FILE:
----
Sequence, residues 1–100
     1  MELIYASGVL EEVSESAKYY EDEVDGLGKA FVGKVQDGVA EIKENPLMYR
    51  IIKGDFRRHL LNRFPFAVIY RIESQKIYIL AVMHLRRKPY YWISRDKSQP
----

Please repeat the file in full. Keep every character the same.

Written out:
Sequence, residues 1–100
     1  MELIYASGVL EEVSESAKYY EDEVDGLGKA FVGKVQDGVA EIKENPLMYR
    51  IIKGDFRRHL LNRFPFAVIY RIESQKIYIL AVMHLRRKPY YWISRDKSQP